A similar study is underway in the UK where the Oxford University is testing various combinations of the vaccines currently approved in Britain – Pfizer-BioNTech, AstraZeneca and Moderna. The trial, called Com-COV2, is also considering adding Novavax’s candidate to the mix once it receives approval.

The Com-COV2 study was launched in February by the Oxford University to probe immune responses when given a shot of AstraZeneca vaccine followed by the Pfizer jab, and vice-versa. The idea is to add flexibility in vaccine rollout to help deal with disruption in supply.

Preliminary findings from the study published in medical journal The Lancet say adults are more likely to report mild and moderate side effects when doses are mixed. One in 10 volunteers who were given two AstraZeneca jabs four weeks apart reported feeling feverish. But when they were given one AstraZeneca dose and one Pfizer shot, 34 per cent volunteers reported fever symptoms. Any adverse reactions were short-lived and there were no other safety concerns, initial findings showed. Among those who received the Pfizer dose before AstraZeneca shot, 41% reported fever as compared to 21% among those given two doses of Pfizer.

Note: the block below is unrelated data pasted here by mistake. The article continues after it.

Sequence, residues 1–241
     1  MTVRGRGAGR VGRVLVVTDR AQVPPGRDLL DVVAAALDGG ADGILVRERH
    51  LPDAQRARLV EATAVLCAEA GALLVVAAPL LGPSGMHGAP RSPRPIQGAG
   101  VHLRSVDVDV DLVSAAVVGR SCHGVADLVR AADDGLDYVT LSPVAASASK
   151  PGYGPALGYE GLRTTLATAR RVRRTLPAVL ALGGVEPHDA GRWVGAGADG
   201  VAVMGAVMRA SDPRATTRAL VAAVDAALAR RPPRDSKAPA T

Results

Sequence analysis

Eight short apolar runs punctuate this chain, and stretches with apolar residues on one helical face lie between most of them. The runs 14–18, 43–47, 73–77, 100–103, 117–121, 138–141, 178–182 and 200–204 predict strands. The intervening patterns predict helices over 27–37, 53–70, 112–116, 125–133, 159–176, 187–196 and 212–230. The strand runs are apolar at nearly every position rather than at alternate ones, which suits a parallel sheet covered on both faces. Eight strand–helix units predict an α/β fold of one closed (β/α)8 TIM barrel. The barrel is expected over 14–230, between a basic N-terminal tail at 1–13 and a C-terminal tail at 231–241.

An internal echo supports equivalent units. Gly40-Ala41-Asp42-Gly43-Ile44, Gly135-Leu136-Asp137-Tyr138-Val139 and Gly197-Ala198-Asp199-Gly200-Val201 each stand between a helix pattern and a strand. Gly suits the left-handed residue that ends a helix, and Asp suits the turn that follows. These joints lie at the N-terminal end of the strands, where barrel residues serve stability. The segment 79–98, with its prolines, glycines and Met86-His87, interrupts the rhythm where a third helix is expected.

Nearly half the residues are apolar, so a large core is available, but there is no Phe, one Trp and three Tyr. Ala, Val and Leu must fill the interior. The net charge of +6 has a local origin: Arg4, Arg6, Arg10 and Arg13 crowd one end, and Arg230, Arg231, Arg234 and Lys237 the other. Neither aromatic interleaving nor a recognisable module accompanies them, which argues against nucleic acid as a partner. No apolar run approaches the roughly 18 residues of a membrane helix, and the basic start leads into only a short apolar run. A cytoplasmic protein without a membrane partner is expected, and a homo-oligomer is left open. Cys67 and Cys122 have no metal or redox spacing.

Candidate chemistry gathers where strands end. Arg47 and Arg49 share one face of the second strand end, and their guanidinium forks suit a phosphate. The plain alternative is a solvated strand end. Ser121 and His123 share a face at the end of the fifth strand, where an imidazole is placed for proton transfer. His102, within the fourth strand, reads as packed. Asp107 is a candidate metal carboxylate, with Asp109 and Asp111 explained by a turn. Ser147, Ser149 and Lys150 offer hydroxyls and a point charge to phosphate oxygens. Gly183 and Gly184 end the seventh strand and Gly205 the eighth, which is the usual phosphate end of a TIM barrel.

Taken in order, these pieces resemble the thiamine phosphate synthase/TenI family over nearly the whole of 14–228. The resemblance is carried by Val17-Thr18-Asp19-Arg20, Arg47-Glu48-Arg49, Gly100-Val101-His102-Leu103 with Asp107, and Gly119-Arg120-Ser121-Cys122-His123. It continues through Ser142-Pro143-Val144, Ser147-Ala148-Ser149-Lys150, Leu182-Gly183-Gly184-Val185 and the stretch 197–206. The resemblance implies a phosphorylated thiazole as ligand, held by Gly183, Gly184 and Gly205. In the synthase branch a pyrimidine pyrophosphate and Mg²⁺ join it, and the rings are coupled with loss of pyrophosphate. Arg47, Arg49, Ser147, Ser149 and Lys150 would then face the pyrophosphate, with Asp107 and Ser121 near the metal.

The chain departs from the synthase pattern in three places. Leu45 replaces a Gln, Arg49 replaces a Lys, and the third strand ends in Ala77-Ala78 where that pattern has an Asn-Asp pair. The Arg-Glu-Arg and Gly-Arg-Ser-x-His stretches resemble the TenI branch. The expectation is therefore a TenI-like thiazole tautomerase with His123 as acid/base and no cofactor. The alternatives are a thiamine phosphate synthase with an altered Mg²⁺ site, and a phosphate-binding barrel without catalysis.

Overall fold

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The trial, which has recruited 830 volunteers aged over 50, is expected to publish its first full results this month. The trial was expanded in April to add 1,050 volunteers to test combinations of the Moderna and Novavax jabs.

Many Indians are now waiting for the second dose of vaccination amid limited supply which has been further hit by the second wave. Some even opted for a different second dose given the paucity.

Many more vaccine brands are likely to be available for use in India in the coming days with the government and health authorities giving emergency use approval. But with limited data on mixing of vaccines, it will be difficult to arrive at a sure-shot combination of doses for better efficacy and fewer side effects.

Another big question surrounding the mixing of vaccines is the gap between two doses. The four-week gap for those taking AstraZeneca’s Covishield shot has been extended from four weeks to 12-16 weeks in India, whereas the recommended gap for Bharat Biotech’s Covaxin is four weeks. Russia’s Sputnik V, which has been approved for emergency use, has recommended three weeks’ gap between two doses.

According to the US Centre for Disease Control and Prevention, people should wait no more than six weeks while taking Pfizer and Moderna doses.

Dr Abhishek Shankar is Assistant Professor in Department of Radiation Oncology at Lady Hardinge Medical College & SSK Hospital, Delhi. Dr Shubham Roy is a Fellow at Ummeed Child Development Center, Mumbai. Dr Deepak Saini is Project Officer at Cancer Control and Prevention Division of Indian Society of Clinical Oncology, Delhi. Views expressed are personal.